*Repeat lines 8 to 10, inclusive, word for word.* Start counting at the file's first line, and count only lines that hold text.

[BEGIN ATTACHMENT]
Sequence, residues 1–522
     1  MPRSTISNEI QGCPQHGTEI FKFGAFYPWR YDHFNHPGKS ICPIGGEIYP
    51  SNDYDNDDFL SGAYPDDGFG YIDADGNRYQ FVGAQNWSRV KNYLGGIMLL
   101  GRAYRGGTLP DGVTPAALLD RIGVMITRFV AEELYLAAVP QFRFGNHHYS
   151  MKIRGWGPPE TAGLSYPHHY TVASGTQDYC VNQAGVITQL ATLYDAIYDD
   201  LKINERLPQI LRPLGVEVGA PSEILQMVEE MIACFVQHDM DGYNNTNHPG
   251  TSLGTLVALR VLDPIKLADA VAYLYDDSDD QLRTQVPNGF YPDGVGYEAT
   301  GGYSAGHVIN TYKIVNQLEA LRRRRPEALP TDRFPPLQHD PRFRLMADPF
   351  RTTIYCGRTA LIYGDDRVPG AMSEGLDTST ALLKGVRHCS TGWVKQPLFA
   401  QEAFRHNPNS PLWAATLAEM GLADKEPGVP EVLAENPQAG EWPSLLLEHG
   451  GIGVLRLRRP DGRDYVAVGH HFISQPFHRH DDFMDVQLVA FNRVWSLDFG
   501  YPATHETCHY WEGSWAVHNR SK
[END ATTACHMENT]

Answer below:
   301  GGYSAGHVIN TYKIVNQLEA LRRRRPEALP TDRFPPLQHD PRFRLMADPF
   351  RTTIYCGRTA LIYGDDRVPG AMSEGLDTST ALLKGVRHCS TGWVKQPLFA
   401  QEAFRHNPNS PLWAATLAEM GLADKEPGVP EVLAENPQAG EWPSLLLEHG